hidden potential of thinking.

          "The essence of this work is the application of will. We are
          ultimately training the will through this practice of introspection. In
          this sense the will can be divided into two kinds of preliminary acts:
          intention and attention.

          "The "intention" works best when it is rooted in a moral impulse
          (thus Steiner's comments in Knowledge of Higher Worlds about taking
          three steps in moral development for every one step in the development
          of higher knowledge).

          "Second to a moral intention, we have to train our ability to
          focus the inner attention. Normally this aspect of mind (the attention)
          wanders all over the place, which is why all the various exercises -
          they all share in common this training of the attention.

          "One of the most important moral acts is sacrifice of thoughts.
          If we already believe we know, there is no progress, because that lack
          of humility toward the inwardness casts a shadow. Nothing new can be
          brought to us by the participation of the Spirit (which seeks to come
          toward us when we learn properly to "think"), when we already know. In
          the Sermon on the Mount, Christ spoke of this, in this way: "Blessed are
          the poor in spirit, for their's is the Kingdom of Heaven" [or, "The poor
          in spirit are in luck: the kingdom of the skies is theirs" - see the
          Unvarnished Gospels]

          "Only when my consciousness is empty of content (sacrifice of
          thoughts), and I am humble in my thinking ("learn to think on your
          knees" - V. Tomberg), can "it think in me" (Steiner) - that is can the
          Spirit co-participate in the act of thinking and bring me that which I
          yet do not know.

          "So we have intention (moral) and attention (open and focused -
          that is: expectant), which then will ride the true essential part that
          is the cultivation of feeling. It is the willed qualitative nature and
          intensity of feeling that is the essential matter. This is why Steiner
          has us (again in Knowledge of Higher Worlds) spend so much time on
          exercises of the subtle inner feelings.

          "In a sense, we place the center of our "self" in the middle of
          our feelings, as if in a bath of subtle living movement. We "cultivate"
          (will) a certain mood of soul, and this mood makes possible
          "intercourse" with the Spirit.

          "Through these activities we are deepening our sense of what
          truly lives in potential in thinking. We move from the superficial play
          of words into that which has been always latent there - perception. But
          the "perception" is only analogous to sense experience. We haven't yet
          the language, so we borrow from sense experience.

          "Thus, Imagination (Steiner's first level of clairvoyance) is
          picture like - this is it is analogous to seeing, only it is an inner
          seeing - our questing feeling attention has discovered knowledge in the
          sense of seeing a picture. Inspiration (Steiner's second level of
          clairvoyance) is analogous to hearing (we have a "conversation" with the
          Invisible world), so the Beings "tell" us answers to our heartfelt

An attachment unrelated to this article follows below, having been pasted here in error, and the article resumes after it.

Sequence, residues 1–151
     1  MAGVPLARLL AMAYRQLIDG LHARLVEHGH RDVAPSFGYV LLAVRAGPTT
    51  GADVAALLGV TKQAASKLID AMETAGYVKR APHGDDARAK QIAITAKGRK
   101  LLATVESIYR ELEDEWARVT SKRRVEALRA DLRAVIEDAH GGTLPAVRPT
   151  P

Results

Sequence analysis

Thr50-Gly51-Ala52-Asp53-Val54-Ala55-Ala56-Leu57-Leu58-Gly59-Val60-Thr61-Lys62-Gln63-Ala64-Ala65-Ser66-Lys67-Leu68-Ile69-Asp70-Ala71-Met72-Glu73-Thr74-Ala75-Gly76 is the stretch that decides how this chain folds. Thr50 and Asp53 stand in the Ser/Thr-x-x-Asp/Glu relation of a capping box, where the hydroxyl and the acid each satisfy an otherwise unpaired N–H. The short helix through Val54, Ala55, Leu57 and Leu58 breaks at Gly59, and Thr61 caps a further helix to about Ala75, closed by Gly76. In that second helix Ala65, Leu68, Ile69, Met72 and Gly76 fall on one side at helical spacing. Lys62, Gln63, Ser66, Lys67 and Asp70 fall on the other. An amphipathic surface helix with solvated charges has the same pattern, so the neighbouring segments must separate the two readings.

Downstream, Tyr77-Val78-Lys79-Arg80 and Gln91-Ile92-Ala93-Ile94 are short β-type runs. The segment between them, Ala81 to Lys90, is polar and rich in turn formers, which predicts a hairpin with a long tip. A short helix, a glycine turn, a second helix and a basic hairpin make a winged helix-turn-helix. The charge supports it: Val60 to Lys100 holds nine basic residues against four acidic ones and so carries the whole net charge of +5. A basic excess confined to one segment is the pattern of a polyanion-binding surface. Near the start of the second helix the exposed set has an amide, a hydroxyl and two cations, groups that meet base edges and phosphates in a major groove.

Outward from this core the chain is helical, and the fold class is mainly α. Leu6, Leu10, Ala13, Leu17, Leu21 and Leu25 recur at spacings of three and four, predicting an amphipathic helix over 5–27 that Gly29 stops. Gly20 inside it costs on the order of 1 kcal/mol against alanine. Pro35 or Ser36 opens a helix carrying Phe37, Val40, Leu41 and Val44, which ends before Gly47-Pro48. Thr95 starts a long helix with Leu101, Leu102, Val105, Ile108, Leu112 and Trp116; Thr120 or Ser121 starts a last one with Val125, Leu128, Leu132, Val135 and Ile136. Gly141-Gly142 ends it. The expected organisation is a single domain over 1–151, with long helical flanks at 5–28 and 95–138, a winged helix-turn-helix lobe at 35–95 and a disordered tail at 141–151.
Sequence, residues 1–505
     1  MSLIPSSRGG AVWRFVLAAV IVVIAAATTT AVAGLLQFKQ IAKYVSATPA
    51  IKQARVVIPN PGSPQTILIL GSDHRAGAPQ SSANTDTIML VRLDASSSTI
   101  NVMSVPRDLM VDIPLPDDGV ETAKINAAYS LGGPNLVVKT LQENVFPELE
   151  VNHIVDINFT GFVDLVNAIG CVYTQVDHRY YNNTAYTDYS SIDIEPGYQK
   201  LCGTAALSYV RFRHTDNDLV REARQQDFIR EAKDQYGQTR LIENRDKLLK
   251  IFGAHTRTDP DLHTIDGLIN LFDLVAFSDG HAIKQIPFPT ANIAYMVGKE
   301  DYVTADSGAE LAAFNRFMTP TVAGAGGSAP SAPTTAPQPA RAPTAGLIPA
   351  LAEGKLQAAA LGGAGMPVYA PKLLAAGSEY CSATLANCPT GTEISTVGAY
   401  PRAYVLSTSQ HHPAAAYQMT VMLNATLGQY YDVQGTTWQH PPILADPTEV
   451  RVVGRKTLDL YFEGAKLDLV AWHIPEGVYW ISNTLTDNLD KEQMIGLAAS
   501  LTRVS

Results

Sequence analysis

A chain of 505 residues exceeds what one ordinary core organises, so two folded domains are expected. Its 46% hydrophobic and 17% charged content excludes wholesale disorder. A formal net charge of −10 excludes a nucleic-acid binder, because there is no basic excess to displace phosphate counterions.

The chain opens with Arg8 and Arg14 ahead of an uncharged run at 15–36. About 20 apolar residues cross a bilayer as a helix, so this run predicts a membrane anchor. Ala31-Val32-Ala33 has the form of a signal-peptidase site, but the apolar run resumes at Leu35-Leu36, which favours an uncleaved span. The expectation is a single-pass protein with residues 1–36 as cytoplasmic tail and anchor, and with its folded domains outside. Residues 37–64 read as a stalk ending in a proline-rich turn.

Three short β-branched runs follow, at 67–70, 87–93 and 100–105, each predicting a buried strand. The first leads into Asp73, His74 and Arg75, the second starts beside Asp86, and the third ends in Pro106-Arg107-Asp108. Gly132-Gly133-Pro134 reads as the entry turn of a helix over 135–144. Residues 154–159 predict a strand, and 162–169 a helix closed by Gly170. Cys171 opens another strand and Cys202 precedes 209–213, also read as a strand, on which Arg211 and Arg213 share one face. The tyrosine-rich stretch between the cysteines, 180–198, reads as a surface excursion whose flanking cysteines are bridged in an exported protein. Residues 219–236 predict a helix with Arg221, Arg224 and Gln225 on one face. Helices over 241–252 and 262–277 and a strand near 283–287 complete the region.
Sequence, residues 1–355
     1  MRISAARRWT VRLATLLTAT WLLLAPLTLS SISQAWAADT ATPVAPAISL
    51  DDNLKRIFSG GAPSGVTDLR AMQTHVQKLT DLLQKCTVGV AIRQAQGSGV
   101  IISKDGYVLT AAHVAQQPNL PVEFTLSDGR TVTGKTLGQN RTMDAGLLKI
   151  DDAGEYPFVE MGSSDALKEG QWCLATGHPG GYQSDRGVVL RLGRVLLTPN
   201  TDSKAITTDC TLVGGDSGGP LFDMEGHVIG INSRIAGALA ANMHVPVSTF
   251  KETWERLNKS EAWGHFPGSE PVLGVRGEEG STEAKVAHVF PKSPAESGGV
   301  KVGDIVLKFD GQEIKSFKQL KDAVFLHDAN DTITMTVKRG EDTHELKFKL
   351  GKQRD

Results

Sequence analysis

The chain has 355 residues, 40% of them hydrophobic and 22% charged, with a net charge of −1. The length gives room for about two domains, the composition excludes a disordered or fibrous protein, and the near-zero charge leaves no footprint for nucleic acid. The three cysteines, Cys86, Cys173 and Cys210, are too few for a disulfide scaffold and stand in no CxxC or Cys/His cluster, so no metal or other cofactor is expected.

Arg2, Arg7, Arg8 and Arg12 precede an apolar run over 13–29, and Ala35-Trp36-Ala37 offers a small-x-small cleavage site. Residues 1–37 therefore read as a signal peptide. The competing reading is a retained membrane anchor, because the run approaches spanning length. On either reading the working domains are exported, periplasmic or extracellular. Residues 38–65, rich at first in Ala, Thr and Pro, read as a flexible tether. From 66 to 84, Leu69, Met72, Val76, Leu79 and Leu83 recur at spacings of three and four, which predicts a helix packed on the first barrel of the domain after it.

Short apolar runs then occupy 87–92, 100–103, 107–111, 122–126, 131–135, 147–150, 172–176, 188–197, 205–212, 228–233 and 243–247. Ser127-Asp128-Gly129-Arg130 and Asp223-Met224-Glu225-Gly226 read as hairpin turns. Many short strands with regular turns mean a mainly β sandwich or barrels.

questions. With Intuition (Steiner's third and deepest level of
          clairvoyance), we "join" (inter-penetrate) the Being, so that our
          essence and their Essence meet. Knowledge then is neither "seen" or
          "heard", but we are changed - we become the knowledge - it (the
          knowledge) is now part of our will.

          "In this way (method - path - anthroposophy), we come to "know"
          the Divine Mystery.

          "So we know as we are known, as St Paul has explained in 1
          Corinthians 12-13: "We see now through a mirror in an obscure manner
          (ordinary mind), but then face to face. Now I know in part, but then I
          shall know even as I have been known (Intuition)"."

          I hope Jarett, this is not too much, but these are serious matters and
          I did want to at least point you in the right direction.

          warm regards,
          joel
          Outlaw Anthroposophy: http://ipwebdev.com/hermit/otlwa.html






          On Mon, 2004-12-13 at 22:08, jarett richardson wrote:
          > is anthroposophy considered a form of esotericism?
          >
          > what-if any-beliefs do theosophy and anthroposophy
          > hold in common?
          >
          > can a person be a theosophist and an anthroposophist
          > at the same time?
        • Maurice McCarthy
          ... I pretty much agree with everything Chantel answered to these questions. If esotericism is a form of inner or hidden knowledge then anthroposophy would
          Message 4 of 10 , Dec 15, 2004
            > In a message dated 12/14/2004 4:59:21 P.M. Central Standard Time,
            > gringo300@... writes:
            >
            >
            > is anthroposophy considered a form of esotericism?
            >
            > what-if any-beliefs do theosophy and anthroposophy
            > hold in common?
            >
            > can a person be a theosophist and an anthroposophist
            > at the same time?
            >
            >

            I pretty much agree with everything Chantel answered to these questions. If esotericism is a form of inner or hidden knowledge then anthroposophy would meet this criterion as we always look for the inner truth of things.

            Steiner himself was a Theosophist. At the turn of the century when he first started making his esoteric views public no one would listen barring theosophists. They alone provided him with the space to fulfill his life purpose at that point.

            Theosophy is the wisdom of God whereas Anthroposophy is the wisdom of Man. One looks upon knowledge from a higher vantage point. Theosophy is an ideal objective for an anthroposophist who from this more mundane level I see as better suited to the immediate difficulties of the world.

            When Madame Blavatsky died Annie Besant became one the leaders of the Theosophical Society. RS had to take great exception when she proclaimed the child Krishnamurti as the reincarnation of Christ. This was the point at which he broke away to form the Anthroposophical Society from those members who would follow him from the Theosophists. RS's own life purpose was to deliver the teachings on karma but the preparatory grounding necessary had not been achieved. (It should have been done by someone else.) A spirit approached RS to take this on himself and leapt to it. It was more than 20 years later that he finally began delivering his own life purpose, the last year or two of his own life.